We’ve discussed Critical Race Theory many times on this blog. But it’s easy to forget that it’s still not exactly a household word, even though it’s been dominating so much of the current turmoil, and has found its way into schools both private and public. It’s one of the most dangerous and divisive philosophies that has ever hit this country, and people need to learn what it is and why it needs to be fought.
Here’s the article. It’s long, but that’s true of just about any treatment of CRT, and this one is shorter than many. There’s really no time to spare in getting the word out.
Justice is either the same for everyone, or it’s not justice. People are either punished according to their deeds and those deeds injuriousness to society, or they aren’t. But even the most lax of systems, in which everyone is left to defend themselves as best they can is better than one in which the law plays favorites.
When an entire class of people think they’re immune from punishment, no matter the reason — skin color, features, size, or whatever — those people will naturally supply the vast majority of criminals.
In fact, being human, they’ll let their inner demons out to play. The more so if everyone has told them others hate them and are “keeping them down.” They will unleash a reign of terror on everyone else.
And while the idiot activists and the left will cross their arms and nod and say it’s deserved…. well, no. Because people today haven’t done anything to unleash this.
But even if it were balancing some eternal scale, it would still be stupid. Because that’s not the way humanity works.
Sure, in the short term, they’re going to run every competent policeman out of a job, and those that remain will let black people get away with whatever. Which means the psychos who happen to be black will feel empowered and be even more blatant and obvious. The lack of police will also mean more vigilantism.
It also means you bring back, in the mid term, real racism. Because you know that black people won’t be punished if they kill you, how long till truck drivers refuse to enter black neighborhoods? How long before every store closes? How long before a black person in any setting is watched very carefully and with suspicion, because you know they have license to do whatever they want and no one will call them on it or punish them? Some of this is already happening.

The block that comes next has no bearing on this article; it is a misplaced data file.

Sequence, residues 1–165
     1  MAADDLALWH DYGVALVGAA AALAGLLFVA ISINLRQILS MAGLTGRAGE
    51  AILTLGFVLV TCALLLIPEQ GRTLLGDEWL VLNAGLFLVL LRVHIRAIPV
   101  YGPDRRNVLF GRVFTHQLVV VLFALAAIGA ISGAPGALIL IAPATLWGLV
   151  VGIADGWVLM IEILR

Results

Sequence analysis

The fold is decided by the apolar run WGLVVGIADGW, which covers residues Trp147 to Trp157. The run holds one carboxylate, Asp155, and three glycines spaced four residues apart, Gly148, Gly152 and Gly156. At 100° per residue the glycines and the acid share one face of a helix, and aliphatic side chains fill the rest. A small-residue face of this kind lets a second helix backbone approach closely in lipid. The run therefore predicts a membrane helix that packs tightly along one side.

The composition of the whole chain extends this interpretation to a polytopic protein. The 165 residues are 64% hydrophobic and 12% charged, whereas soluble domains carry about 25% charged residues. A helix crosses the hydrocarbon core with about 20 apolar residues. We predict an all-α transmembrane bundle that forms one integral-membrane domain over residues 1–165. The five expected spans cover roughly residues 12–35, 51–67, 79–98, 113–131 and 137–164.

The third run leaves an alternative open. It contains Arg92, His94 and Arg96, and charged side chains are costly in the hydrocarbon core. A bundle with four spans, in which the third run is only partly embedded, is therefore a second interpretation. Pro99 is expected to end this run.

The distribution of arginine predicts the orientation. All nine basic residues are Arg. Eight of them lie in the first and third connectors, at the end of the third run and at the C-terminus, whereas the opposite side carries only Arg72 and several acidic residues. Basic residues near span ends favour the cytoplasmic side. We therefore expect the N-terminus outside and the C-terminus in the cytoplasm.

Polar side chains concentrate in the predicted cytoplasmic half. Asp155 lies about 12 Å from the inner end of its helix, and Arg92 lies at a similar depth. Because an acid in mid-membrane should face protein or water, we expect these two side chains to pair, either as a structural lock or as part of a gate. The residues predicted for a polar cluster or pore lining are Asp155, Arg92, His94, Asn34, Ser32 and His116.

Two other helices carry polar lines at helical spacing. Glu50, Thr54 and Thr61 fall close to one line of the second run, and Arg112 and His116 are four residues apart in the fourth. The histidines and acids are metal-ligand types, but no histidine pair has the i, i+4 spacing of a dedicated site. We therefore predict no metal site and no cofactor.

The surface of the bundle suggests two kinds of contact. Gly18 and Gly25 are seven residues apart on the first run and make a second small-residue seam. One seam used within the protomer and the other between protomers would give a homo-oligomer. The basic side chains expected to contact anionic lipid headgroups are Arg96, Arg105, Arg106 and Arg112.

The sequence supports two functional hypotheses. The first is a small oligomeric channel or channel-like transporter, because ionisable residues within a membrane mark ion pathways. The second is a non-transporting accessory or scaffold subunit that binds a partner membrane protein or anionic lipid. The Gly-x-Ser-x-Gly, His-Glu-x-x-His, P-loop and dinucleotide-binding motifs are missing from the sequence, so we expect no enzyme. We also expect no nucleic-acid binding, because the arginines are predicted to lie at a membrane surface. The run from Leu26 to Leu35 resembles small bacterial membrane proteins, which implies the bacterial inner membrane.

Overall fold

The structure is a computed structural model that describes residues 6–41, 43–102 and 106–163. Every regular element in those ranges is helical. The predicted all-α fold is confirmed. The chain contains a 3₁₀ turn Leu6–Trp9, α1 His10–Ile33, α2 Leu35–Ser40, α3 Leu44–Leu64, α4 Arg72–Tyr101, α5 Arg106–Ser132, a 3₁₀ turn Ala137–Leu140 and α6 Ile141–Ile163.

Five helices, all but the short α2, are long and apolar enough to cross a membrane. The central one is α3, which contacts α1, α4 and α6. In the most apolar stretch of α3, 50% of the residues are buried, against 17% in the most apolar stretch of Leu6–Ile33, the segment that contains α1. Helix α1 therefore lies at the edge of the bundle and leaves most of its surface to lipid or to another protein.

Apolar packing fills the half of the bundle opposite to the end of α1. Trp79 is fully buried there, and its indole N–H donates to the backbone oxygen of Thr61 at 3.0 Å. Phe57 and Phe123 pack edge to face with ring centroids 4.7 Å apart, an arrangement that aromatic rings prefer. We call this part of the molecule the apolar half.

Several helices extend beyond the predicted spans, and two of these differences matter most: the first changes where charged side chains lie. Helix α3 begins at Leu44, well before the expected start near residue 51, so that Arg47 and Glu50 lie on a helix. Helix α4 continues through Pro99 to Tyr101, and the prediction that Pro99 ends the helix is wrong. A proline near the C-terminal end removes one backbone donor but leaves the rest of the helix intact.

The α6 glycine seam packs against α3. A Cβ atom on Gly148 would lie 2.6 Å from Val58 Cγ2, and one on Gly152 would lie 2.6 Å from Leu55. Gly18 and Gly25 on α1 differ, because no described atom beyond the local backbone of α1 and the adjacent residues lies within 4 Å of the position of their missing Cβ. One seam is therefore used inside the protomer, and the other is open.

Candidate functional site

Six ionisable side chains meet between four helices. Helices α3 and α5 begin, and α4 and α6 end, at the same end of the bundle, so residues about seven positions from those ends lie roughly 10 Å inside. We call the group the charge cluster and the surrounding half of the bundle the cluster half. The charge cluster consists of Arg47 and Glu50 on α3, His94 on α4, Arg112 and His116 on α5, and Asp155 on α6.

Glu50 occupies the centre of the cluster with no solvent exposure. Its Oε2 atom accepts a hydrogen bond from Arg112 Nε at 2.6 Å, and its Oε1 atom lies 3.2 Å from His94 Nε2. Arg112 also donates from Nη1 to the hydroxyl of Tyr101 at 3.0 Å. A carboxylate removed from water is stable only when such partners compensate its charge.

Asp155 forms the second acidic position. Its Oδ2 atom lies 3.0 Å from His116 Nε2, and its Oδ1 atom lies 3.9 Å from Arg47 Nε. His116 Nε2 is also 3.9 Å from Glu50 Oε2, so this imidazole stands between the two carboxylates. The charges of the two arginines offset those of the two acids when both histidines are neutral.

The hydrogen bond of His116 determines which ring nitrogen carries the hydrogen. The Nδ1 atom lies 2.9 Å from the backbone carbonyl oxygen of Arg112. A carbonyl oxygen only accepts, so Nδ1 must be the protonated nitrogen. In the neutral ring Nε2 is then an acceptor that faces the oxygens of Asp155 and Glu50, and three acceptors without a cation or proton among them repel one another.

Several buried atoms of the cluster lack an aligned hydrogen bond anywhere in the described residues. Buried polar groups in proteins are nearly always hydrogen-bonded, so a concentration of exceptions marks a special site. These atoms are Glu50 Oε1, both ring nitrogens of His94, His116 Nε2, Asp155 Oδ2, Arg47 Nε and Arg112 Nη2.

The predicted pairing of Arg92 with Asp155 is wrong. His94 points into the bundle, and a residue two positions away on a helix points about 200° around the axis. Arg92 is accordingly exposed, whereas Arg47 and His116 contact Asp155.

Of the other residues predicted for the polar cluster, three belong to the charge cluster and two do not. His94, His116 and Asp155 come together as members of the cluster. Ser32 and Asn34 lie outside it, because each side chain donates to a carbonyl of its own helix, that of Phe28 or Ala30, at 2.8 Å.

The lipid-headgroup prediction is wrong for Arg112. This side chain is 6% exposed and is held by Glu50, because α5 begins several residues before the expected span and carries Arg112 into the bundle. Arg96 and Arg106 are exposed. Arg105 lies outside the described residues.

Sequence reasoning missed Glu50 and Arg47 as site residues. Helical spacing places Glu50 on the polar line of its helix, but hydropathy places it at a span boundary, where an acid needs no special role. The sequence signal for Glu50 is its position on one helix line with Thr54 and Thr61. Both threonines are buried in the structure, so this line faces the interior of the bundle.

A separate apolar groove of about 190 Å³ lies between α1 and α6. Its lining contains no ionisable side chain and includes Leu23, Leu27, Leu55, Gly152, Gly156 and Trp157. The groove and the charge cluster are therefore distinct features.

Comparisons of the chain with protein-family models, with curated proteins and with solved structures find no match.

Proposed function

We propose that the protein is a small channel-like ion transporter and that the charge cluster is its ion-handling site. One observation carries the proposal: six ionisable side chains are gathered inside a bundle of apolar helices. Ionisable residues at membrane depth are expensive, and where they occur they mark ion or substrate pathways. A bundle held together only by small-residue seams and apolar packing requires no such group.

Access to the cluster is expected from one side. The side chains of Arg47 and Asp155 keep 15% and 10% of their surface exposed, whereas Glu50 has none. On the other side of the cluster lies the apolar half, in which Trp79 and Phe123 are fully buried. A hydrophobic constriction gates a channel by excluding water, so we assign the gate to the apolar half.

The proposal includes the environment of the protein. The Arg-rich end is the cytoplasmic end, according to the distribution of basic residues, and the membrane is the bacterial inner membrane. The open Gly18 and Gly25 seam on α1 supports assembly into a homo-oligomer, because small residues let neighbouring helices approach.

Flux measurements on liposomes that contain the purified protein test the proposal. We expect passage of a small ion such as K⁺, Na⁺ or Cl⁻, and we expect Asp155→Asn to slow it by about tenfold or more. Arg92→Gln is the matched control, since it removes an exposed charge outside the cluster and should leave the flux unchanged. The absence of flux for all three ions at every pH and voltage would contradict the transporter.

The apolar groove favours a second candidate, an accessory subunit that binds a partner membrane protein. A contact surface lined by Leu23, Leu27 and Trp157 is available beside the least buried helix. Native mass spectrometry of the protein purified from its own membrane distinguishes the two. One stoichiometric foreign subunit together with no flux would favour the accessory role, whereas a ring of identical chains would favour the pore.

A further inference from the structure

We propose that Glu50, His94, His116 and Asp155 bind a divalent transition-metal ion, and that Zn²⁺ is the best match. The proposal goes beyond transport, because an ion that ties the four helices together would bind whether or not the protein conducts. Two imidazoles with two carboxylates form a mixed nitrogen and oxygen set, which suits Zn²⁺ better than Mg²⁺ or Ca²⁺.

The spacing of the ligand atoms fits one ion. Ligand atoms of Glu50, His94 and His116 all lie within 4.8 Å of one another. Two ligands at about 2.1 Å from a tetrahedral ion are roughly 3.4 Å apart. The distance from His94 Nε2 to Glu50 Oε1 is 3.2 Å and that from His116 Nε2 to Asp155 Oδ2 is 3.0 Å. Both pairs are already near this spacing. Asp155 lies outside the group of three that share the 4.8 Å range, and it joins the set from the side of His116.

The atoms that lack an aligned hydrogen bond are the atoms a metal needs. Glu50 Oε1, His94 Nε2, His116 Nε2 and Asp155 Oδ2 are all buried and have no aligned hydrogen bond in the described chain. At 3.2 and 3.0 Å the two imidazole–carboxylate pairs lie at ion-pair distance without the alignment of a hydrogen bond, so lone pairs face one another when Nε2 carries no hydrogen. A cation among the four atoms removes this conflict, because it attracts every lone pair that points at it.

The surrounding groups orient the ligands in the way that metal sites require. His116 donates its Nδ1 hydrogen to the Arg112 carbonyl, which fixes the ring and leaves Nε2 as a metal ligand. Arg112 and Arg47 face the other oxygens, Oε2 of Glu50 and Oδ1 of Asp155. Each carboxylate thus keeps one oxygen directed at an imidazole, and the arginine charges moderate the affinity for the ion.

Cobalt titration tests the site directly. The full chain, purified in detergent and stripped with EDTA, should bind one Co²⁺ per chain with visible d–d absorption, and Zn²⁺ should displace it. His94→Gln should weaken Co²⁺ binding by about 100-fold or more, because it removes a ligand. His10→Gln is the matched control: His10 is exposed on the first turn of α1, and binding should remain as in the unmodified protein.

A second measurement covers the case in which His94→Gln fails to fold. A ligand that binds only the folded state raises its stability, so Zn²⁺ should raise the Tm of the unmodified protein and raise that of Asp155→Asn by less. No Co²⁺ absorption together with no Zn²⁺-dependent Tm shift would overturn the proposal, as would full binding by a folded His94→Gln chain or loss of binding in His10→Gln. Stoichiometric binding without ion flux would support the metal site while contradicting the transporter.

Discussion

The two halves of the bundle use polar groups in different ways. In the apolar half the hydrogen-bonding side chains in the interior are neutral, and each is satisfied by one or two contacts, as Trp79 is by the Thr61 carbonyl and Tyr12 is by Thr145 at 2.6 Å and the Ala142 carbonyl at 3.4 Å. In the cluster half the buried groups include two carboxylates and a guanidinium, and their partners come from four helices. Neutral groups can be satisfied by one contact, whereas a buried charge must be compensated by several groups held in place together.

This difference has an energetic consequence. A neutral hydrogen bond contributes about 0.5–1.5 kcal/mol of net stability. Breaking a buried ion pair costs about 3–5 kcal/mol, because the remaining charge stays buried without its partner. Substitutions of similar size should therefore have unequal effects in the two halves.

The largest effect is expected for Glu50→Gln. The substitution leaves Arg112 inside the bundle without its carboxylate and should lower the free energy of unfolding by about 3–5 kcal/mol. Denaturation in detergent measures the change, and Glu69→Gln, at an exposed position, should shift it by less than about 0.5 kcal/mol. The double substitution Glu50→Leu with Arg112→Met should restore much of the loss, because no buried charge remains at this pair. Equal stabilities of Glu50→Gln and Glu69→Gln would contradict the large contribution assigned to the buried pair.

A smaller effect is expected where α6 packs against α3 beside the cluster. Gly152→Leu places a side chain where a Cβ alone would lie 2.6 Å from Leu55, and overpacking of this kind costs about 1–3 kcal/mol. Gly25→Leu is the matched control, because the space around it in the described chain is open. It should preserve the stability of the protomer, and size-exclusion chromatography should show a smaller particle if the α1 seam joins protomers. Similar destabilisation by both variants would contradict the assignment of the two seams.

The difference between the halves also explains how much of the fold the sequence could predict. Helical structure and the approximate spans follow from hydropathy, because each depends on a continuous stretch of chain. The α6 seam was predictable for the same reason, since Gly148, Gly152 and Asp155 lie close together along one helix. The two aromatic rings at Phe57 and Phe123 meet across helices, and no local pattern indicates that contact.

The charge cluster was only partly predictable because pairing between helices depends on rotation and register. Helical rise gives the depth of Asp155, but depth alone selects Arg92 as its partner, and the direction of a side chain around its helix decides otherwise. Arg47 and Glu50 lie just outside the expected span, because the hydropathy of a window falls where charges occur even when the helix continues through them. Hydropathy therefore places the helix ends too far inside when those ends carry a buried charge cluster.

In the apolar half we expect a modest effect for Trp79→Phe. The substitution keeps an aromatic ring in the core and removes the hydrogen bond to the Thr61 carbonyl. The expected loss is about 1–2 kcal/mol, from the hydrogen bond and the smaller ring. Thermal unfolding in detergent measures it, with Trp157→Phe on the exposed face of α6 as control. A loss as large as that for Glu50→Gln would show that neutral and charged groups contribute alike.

In the long term, it’s going to lead to genocide. And not the say the left thinks it’s inciting it. The left assumes that it’s empowering black people and in the long run they’ll kill a majority of whites, or something.
And what the stupid policies of the left are doing is convincing people black people are dangerous and not quite “normal human.”
We do know how this ends up, because we’ve seen it.
Every primitive society that the Western Culture contacted thought of white people as just another tribe, about the size of their own tribe. So they practiced tribal warfare. You go to the village or settlement that has encroached on your territory and you kill everyone in HORRIBLE WAYS. This is important, because it shows how savage you are. The other tribe then backs off. Everyone is happy, and more bloodshed is spared.
The problem of course was that Western Civ wasn’t tribal; had a lot more people; and had the printing press. Which in turn caused them to read about the horror and decide these people weren’t QUITE human. Which led to a lot of the racism of the 19th and 20th century. It also led to the effective genocide of the Amerindians and the colonial subjugation of Africans.
Source: On Sparing The Rod
An update on my post yesterday about the Washington Post ‘s failure to update their police shootings database in at least one glaring instance.
First, I looked at their stated criteria and they do evince an intent to keep the database updated, which is good:
The Post’s database is updated regularly as fatal shootings are reported and as facts emerge about individual cases.
Second, I started combing through some of the other 2019 shootings of “unarmed” black men and found no other obvious errors. I did see a lot of shootings that seemed clearly justified, and some that were questionable. But there was a clear thread throughout: the suspects were to some degree noncompliant.
The civil rights activist who underwent use of the force training shown in this video concluded with this observation: “I didn’t understand how important compliance was . . . People need to comply with the orders of law enforcement officers for their own sake.”